Purpose: To observe the effects of progressive resistance training on performance and body composition in participants with cerebral palsy. Methods: Four quadriplegic (3 male, 1 female) and two hemiplegic (2 female) participants (22 ± 5 yr, mean ± SD) completed moderate to high intensity resistance training 2-3 days a week for 8-weeks. Strength training programs were developed for each participant based on their physical ability. Measurements of exercise performance and body composition (InBody 270 & S10) were collected prior to and following training. Data from all participants was pooled, and samples with 5-6 subjects were analyzed using a paired t-test with significance set at p < 0.05. Results: Measurements of muscular fitness improved, including plank performance (pre: 64 ± 40, post: 95 ± 61 s, n = 6), supine sled leg press 1RM (pre: 225 ± 69, post: 378 ± 124 lb, n = 6) and bench/sled press 1RM (pre: 92 ± 54, post: 115 ± 58 lb, n = 5). There was no change in peak sprint capacity (pre: 89 ± 32, post: 96 ± 29 W, n = 5) or peak aerobic capacity (pre: 303 ± 136, post: 370 ± 246 s, n = 4). Measurements of body weight (pre: 151 ± 40, post: 151 ± 42 lb, n = 6) and skeletal muscle mass (pre: 53 ± 8, post: 54 ± 9 lb, n = 6) were unchanged following training. Conclusion: Preliminary data is encouraging that the unique and challenging strength training program employed with these participants can be utilized to gain meaningful improvements in muscular fitness. However, a larger sample size and longer training period may be necessary to significantly increase muscle mass.

  • PERIPHERAL NEUROPATHY IMPACTS GAIT MOTOR COMPONENTS IN HISPANIC-LATINX LIVING WITH HIV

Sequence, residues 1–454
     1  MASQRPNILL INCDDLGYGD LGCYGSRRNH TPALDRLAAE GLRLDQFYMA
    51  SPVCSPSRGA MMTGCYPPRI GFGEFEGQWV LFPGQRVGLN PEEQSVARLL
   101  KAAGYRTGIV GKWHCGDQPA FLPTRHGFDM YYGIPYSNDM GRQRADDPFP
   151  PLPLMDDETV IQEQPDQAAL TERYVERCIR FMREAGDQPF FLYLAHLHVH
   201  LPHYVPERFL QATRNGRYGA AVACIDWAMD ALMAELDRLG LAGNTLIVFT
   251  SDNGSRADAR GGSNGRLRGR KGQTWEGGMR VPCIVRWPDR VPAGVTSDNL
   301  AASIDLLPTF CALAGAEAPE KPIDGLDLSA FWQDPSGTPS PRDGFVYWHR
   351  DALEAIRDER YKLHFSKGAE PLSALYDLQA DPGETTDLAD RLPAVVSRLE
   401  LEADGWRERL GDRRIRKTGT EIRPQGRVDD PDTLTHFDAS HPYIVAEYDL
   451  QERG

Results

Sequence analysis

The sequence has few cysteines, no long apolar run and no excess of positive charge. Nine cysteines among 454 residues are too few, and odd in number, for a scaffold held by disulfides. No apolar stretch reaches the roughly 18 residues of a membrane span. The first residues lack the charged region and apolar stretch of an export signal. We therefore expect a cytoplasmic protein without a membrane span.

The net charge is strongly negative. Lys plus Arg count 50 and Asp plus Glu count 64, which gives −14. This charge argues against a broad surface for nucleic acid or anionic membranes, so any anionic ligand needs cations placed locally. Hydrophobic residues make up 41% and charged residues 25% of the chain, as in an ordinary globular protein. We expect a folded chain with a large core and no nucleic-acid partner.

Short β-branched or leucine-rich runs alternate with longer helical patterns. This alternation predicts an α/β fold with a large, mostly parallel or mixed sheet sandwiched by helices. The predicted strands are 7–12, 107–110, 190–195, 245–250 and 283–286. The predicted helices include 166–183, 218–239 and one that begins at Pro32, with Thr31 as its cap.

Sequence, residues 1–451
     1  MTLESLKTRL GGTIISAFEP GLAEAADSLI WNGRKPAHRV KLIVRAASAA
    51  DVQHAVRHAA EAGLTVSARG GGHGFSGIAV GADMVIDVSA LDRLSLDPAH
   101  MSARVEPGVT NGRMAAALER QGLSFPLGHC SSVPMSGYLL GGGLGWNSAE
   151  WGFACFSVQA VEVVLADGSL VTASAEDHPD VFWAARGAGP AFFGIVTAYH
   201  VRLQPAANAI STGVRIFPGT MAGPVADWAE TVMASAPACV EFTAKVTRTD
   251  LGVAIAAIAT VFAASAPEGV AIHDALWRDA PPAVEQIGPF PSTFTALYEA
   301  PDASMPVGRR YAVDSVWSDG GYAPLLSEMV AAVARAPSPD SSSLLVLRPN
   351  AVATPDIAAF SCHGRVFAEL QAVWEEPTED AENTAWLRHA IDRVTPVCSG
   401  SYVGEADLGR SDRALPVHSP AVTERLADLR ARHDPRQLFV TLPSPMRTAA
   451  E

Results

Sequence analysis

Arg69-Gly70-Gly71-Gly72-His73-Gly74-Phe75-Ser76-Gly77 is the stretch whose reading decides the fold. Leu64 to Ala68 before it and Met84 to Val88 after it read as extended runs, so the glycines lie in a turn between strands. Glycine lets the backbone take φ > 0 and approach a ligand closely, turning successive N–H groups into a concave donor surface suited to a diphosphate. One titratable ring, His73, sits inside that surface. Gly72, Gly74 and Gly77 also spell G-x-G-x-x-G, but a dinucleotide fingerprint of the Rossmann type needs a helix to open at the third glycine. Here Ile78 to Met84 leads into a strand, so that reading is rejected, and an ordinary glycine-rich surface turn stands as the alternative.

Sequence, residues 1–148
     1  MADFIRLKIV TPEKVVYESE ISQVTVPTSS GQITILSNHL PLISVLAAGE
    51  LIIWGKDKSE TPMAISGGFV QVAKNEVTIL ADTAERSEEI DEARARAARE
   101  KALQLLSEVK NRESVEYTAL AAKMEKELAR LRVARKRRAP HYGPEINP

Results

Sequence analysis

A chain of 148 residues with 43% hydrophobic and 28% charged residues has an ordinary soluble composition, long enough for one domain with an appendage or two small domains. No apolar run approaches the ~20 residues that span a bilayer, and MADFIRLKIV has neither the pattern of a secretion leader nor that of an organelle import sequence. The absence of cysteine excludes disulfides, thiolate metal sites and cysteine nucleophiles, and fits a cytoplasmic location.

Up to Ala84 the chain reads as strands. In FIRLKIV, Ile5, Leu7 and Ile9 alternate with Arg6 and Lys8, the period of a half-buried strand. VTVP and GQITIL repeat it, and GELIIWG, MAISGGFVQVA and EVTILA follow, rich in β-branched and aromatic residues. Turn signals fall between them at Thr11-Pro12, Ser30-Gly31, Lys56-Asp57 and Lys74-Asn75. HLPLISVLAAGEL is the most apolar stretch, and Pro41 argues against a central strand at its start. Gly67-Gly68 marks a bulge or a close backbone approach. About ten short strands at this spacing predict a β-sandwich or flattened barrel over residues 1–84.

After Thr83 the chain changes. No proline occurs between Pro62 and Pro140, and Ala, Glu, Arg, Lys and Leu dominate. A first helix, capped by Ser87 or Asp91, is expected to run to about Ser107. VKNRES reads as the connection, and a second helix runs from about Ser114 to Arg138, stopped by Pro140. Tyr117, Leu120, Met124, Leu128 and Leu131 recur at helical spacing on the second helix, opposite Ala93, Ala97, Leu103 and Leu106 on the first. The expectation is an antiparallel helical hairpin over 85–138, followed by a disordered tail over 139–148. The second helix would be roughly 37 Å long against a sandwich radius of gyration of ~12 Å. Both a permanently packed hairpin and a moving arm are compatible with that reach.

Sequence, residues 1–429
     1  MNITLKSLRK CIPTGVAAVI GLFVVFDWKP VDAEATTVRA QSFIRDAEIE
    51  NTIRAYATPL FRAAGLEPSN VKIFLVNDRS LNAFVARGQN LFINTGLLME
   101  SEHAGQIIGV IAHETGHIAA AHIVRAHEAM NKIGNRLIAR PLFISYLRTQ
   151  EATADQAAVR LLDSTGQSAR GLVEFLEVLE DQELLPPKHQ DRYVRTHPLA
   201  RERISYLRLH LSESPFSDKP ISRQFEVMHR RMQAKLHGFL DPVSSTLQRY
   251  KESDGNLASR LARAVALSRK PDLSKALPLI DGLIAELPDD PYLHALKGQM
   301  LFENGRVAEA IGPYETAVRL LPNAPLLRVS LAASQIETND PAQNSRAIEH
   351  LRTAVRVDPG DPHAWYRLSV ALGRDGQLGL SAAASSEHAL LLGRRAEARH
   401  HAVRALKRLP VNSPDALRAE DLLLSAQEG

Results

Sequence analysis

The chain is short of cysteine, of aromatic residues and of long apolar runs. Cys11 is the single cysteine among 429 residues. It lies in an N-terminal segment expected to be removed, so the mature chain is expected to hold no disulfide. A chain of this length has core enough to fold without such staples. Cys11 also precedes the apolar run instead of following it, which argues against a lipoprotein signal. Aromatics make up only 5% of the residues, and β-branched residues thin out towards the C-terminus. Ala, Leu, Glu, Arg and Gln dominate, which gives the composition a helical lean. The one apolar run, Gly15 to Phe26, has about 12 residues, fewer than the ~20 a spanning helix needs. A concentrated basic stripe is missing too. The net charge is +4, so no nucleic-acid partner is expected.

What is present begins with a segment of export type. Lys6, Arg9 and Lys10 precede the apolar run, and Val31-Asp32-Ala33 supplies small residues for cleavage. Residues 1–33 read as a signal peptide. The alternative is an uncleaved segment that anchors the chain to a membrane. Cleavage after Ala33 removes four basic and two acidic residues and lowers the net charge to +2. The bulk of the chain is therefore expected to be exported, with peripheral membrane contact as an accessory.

HIV can cause numerous health-related complications that can lead to disabilities and affect the quality of life. Some problems added with HIV, like peripheral neuropathy (PN), may develop additional impediments in this population. Purpose: This study investigated PN’s impact on the cardio-motor profile of Hispanic Latino living with HIV. Methods: A submaximal cardiovascular test (Ross test) was conducted to obtain the study’s cardiomotor results. Cardiomotor data were compiled from records of members enrolled at La Perla de Gran Precio Community Centre on HIV in San Juan, Puerto Rico. Results: The motor profile included the speed and inclination of the treadmill. The cardiovascular data had blood pressure and heart rate at the time Ross’s test was terminated. Two hundred and ninety-one participants were further designated as 225 in the non-PN and 66 in the PN group. Both groups average comparable amounts of CD4 counts. An ANOVA was used to determine variations in the PN group with a considerable (P < 0.05) increase in the time of HIV diagnosis and a reduction in gait velocity and treadmill inclination distinguished to counterpart. Conclusion: Hispanic Latino living with HIV and PN displayed distinctive motor gait deficiencies. Gait parameters, such as gait speed, were further impaired in those suffering from both conditions. We encourage healthcare providers to incorporate the specific cardio-motor items alluded to in this investigation to identify the process influencing gait that further alters the quality of life in those with HIV.

  • REPAIR OF AVULSION FRACTURE OF THE ANTERIOR SUPERIOR ILIAC SPINE BY KNOTLESS SUTURE BRIDGE: SURGICAL TECHNIQUE AND A REVIEW OF 5 CASES